To begin with, let me review the Nixon doctrine, which was announced in 1969 when President Nixon to Vietnamize the war. In those days, opinion leaders around the world talked about American decline, and even cast doubts whether the United States would continue to be the anchor of global stability. As Obama does today, Nixon delivered a message to placate anxiety of the post-American
Shortly after Nixon announced his doctrine, he assisted the Shah’s Iran to ascend to the Guard of the Gulf. This is typically illustrated in his generous and prompt support to build up the Imperial Iranian Air Force. In the early 1970s, Iran was plagued by the Soviet invasion to its airspace. Particularly, MiG-25s flew so fast that even IIAF F-4s were unable to intercept them, and Iran was at the mercy of Soviet air reconnaissance those days. Iran was desperately in need of advanced fighters to shut out the Soviet Air Force from its sovereign territory. Therefore Shah Mohammad Reza Pahlavi met President Nixon at Andrews Air Force base near Washington DC in July 1973. Nixon invited the Shah to see the flight demonstration there to select either F-14 or F-15 for Iranian air defense, whichever he preferred. The Shah chose F-14 without hesitation, as soon as the show ended (“Thirty minutes to choose your fighter jet: how the Shah of Iranchose the F-14 Tomcat over the F-15 Eagle”; Aviationist; February 11, 2013).
After returning home, the Shah ordered 30 F-14s in January next year, and subsequent 50 of them in June, along with AIM-54 Phoenix missiles. The Nixon administration acted so promptly that Iran received the first F-14s in January 1976, while the United States provided intensive trainings for Iranian pilots (“Grumman F-14 Tomcat#Iran”; Wikipedia). The result of this was spectacular. IIAF F-14 shot down a drone in a test firing of
In view of the above historical comparison, Obama’s remark to step down from the world policeman is extremely imprudent. Unlike Nixon, Obama has no reliable partner in the Middle East to cede America’s responsibility for regional security. Particularly, his poorly devised policy on Iraq deepens regional instability furthermore, as typically seen in the rise of ISIS. While Nixon helped the Shah’s Iran grow strong enough to police the region, Obama withdrew from Iraq without reconstructing its security forces. The Iraqi Air Force was virtually nonexistent as Saddam Hussein let his flight squadrons fled to Iran when the Gulf War broke out to avoid war damages, and the rest of them were destroyed in the Iraq War. Therefore, it was a prerequisite to rebuild Iraq’s air strike capability to conclude the security
For this objective, Iraq decided to purchase F-16 fighters and Apache attack helicopters. The Maliki administration began to consider purchasing F-16s at the end of the Bush era (“Iraq Seeks F-16 Fighters”
AH-64 Apache helicopter is another air strike arsenal that Iraq asked the United States to sell. However, the Senate Foreign Relations Committee, led by Democratic Senator Bob Menendez raised critical concerns with human rights that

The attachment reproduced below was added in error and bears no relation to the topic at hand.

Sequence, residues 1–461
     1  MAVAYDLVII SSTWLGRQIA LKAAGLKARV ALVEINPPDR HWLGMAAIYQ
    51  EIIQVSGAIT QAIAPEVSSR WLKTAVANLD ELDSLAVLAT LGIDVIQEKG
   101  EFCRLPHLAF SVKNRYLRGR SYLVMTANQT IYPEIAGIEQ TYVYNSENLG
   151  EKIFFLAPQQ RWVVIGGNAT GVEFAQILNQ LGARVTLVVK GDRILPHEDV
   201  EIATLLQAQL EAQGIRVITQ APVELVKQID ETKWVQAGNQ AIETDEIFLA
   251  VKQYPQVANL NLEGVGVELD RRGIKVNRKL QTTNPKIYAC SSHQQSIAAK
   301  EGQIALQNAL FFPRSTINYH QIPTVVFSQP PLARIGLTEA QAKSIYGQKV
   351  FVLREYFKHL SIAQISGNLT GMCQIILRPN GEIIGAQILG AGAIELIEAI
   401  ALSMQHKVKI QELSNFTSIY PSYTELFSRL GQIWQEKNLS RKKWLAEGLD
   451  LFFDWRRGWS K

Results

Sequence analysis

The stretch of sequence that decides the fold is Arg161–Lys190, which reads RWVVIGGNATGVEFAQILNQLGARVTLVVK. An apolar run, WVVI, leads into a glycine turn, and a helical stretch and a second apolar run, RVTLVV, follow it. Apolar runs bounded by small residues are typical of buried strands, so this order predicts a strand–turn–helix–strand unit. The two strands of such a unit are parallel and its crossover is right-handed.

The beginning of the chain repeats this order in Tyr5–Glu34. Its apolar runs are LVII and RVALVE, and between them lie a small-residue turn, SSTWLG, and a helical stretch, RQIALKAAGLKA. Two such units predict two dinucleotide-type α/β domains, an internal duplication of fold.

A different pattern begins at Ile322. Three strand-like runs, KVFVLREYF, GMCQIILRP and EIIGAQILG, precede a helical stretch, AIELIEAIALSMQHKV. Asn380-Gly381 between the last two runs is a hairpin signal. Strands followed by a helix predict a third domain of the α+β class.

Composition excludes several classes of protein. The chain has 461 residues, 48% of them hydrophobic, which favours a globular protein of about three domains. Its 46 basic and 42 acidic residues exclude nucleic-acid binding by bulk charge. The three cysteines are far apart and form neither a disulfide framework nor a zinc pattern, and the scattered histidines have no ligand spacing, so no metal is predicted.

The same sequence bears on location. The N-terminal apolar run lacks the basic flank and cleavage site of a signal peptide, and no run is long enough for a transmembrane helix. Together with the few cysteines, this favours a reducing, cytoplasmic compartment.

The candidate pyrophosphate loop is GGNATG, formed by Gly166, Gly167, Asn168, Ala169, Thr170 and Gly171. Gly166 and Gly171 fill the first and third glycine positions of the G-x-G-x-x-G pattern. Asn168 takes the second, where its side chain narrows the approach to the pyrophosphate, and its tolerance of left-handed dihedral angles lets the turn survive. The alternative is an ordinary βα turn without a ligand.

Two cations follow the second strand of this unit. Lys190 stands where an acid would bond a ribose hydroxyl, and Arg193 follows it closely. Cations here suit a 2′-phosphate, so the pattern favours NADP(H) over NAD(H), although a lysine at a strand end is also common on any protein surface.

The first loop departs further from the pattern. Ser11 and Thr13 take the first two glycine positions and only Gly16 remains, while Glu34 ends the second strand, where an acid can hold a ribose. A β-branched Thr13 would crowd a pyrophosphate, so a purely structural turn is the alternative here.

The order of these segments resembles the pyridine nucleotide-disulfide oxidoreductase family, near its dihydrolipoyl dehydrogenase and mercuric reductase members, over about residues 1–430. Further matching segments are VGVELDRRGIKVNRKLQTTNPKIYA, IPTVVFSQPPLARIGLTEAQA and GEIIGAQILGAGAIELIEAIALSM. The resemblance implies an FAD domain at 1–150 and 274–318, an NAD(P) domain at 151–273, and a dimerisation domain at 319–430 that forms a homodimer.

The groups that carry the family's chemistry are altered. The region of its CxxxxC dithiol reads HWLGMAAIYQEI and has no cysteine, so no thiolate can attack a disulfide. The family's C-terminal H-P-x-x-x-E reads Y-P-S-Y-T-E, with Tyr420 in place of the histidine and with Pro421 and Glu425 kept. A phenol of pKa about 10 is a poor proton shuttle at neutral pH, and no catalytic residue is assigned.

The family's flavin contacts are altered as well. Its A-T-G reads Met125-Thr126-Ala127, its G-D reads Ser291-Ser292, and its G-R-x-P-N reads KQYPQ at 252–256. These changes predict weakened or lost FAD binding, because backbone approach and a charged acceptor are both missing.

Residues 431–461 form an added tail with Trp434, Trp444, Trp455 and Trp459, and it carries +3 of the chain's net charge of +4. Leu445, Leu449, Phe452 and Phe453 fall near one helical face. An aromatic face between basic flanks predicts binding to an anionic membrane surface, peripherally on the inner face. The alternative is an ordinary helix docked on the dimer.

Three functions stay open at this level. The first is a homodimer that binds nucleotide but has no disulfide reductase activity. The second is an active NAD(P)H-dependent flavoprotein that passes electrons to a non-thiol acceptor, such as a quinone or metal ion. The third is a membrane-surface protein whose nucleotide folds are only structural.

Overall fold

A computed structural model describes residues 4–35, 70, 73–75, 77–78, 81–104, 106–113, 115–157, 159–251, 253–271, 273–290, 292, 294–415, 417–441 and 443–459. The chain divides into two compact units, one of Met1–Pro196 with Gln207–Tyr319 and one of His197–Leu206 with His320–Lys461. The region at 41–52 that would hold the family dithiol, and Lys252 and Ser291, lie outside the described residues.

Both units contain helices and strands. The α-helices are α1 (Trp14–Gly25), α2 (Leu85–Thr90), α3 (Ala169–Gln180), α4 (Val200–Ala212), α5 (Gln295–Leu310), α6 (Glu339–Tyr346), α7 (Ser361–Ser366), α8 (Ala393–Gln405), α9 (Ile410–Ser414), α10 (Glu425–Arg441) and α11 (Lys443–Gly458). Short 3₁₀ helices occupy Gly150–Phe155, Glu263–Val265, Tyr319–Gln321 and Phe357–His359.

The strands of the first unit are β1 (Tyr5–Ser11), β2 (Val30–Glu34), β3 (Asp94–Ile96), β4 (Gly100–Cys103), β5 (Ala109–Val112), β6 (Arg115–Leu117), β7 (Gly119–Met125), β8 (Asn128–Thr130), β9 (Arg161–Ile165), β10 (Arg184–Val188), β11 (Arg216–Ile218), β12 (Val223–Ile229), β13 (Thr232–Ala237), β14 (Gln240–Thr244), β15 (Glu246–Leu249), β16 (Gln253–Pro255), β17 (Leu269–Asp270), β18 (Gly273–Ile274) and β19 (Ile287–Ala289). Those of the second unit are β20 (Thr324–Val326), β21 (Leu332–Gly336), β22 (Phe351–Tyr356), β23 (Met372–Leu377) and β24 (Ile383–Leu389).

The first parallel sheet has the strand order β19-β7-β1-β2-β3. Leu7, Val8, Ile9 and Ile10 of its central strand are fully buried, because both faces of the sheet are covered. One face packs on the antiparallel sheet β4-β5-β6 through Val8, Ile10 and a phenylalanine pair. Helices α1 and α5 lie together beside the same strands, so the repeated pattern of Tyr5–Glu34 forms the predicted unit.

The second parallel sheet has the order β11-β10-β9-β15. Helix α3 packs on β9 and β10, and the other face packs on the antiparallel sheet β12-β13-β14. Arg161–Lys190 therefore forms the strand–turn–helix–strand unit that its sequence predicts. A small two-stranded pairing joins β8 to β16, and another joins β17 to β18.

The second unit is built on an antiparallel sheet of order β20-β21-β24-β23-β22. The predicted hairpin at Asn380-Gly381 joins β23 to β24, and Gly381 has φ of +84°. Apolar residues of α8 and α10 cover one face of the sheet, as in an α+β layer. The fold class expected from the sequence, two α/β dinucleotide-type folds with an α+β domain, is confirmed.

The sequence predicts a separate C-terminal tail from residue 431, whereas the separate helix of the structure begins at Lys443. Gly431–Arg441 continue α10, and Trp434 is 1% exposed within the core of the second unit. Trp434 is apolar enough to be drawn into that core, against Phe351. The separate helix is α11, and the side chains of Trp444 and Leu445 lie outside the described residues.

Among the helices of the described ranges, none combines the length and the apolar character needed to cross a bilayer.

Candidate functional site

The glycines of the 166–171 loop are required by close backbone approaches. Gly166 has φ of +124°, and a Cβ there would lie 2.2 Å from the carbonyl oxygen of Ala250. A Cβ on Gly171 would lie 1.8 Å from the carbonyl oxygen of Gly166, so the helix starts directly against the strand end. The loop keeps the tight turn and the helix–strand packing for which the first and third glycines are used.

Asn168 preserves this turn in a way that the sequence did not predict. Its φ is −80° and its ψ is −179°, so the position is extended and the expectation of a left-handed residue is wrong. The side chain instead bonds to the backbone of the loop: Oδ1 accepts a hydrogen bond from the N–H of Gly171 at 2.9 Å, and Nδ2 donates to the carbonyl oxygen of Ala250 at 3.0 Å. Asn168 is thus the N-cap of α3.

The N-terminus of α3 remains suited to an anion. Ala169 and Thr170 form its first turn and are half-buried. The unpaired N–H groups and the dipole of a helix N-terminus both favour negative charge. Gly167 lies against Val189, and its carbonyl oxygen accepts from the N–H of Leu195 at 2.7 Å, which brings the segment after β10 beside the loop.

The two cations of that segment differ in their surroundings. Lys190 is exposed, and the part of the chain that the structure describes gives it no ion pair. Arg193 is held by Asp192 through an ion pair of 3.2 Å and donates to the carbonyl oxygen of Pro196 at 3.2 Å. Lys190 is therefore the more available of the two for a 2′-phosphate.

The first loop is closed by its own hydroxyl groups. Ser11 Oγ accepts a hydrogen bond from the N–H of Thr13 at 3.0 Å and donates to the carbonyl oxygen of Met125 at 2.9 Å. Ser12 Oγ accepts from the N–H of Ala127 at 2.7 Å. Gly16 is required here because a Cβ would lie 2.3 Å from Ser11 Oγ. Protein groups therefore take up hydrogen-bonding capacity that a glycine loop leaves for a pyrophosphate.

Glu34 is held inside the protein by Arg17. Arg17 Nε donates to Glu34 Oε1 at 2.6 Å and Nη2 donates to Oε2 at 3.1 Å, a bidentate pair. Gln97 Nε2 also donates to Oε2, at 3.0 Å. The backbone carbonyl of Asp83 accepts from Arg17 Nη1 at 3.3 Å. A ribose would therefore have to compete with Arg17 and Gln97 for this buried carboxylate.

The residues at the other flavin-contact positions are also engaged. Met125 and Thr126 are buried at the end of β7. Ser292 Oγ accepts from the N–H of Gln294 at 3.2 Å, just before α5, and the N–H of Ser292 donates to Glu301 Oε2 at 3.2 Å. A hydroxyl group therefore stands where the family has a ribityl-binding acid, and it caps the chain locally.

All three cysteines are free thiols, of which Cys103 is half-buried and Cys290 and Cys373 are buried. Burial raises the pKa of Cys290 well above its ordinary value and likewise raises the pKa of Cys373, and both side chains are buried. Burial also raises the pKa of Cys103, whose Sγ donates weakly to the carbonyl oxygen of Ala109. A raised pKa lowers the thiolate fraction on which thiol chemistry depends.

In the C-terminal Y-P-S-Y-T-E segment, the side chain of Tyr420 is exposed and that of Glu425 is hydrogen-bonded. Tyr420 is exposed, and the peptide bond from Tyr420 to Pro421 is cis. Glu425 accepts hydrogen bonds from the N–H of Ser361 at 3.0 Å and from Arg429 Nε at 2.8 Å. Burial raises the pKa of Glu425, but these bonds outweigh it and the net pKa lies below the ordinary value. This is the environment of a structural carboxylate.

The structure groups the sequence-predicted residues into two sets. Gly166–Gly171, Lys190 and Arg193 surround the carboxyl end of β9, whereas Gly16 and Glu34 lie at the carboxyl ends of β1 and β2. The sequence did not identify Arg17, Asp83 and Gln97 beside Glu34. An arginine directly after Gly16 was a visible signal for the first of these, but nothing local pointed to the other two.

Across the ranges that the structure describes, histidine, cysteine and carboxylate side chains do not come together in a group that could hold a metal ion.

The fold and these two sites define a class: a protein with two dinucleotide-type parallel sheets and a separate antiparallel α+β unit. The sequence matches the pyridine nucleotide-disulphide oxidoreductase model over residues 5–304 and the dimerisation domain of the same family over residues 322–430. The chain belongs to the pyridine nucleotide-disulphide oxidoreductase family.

Those failures have made Iraq vulnerable not only against ISIS, but also against Iran. The Obama administration solicits Iran to work together to fight against ISIS, while holding tough negotiations on nuclear disarmament. Moreover, Iran has been a troublesome actor in Iraq as its influence penetrates there through Shiites in the south. Now, the Iraqi government is increasingly dependent on Shiite militia. Obama may think anti-ISIS partnership with Iran temporary, but that poses long term negative effect to Iraqi security. Iran still supports the Assad administration in Syria. Also, Shiite militias want to displace Sunni people. The only way to overcome such sectarian chasm is founding a solid security force of the central government incorporating all ethnic and religious backgrounds (“The U.S.
As a key ally to the United States in Iraq, the Kurdish Regional Government sees ISIS threats were relatively contained as a result of coalition air raid, but critically alarmed with Iranian penetration through Shiite militias. Among those militias, Asaib Ahl Haq and the Badr militias are vital threats to the Kurds as they are closely connected with the Iranian Revolutionary Guard.
Ever since America took over the hegemony from Britain, its preeminence repeats upturns and downturns. Historical backgrounds of Nixon and Obama are quite similar, but policy responses are so starkly different. Obama is throwing away the responsibility of the world policeman and pivoting to Asia without any preparation. So many commentators talk about a superficial decline of the United States, but what really matters is the quality of leadership. Unlike Nixon, Obama has no vision of foreign policy. While the Shah had mutual trust with Nixon and Ford, neither Maliki nor Abadi trusts Obama so much. Nixon had Henry Kissinger, but Obama has no reliable foreign policy advisors. I believe that historical comparison between both presidents will be of much implication to American foreign policy today.